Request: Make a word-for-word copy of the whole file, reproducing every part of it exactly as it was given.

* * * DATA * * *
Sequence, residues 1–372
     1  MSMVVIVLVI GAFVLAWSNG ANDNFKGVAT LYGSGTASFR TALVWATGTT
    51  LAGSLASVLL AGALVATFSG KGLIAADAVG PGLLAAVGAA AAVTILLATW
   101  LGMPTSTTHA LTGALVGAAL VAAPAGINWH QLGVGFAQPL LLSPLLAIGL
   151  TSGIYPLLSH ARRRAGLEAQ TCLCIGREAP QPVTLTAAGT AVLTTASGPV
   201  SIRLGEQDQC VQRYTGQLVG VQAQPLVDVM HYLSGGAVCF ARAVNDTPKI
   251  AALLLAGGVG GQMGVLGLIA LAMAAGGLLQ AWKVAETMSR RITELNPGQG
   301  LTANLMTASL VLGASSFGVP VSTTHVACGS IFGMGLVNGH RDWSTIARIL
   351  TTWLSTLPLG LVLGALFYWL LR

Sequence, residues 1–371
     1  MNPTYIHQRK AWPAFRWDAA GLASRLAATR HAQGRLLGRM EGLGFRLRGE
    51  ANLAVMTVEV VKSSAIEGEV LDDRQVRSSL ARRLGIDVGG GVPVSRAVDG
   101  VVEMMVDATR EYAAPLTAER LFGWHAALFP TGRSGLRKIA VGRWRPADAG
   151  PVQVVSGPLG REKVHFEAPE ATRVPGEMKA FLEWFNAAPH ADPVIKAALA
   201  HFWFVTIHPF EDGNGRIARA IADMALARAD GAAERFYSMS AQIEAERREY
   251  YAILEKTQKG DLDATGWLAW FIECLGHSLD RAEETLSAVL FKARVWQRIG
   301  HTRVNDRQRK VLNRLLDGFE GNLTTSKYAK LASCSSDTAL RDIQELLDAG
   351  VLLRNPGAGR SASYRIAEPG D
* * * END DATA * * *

Sequence, residues 1–372
     1  MSMVVIVLVI GAFVLAWSNG ANDNFKGVAT LYGSGTASFR TALVWATGTT
    51  LAGSLASVLL AGALVATFSG KGLIAADAVG PGLLAAVGAA AAVTILLATW
   101  LGMPTSTTHA LTGALVGAAL VAAPAGINWH QLGVGFAQPL LLSPLLAIGL
   151  TSGIYPLLSH ARRRAGLEAQ TCLCIGREAP QPVTLTAAGT AVLTTASGPV
   201  SIRLGEQDQC VQRYTGQLVG VQAQPLVDVM HYLSGGAVCF ARAVNDTPKI
   251  AALLLAGGVG GQMGVLGLIA LAMAAGGLLQ AWKVAETMSR RITELNPGQG
   301  LTANLMTASL VLGASSFGVP VSTTHVACGS IFGMGLVNGH RDWSTIARIL
   351  TTWLSTLPLG LVLGALFYWL LR

Sequence, residues 1–371
     1  MNPTYIHQRK AWPAFRWDAA GLASRLAATR HAQGRLLGRM EGLGFRLRGE
    51  ANLAVMTVEV VKSSAIEGEV LDDRQVRSSL ARRLGIDVGG GVPVSRAVDG
   101  VVEMMVDATR EYAAPLTAER LFGWHAALFP TGRSGLRKIA VGRWRPADAG
   151  PVQVVSGPLG REKVHFEAPE ATRVPGEMKA FLEWFNAAPH ADPVIKAALA
   201  HFWFVTIHPF EDGNGRIARA IADMALARAD GAAERFYSMS AQIEAERREY
   251  YAILEKTQKG DLDATGWLAW FIECLGHSLD RAEETLSAVL FKARVWQRIG
   301  HTRVNDRQRK VLNRLLDGFE GNLTTSKYAK LASCSSDTAL RDIQELLDAG
   351  VLLRNPGAGR SASYRIAEPG D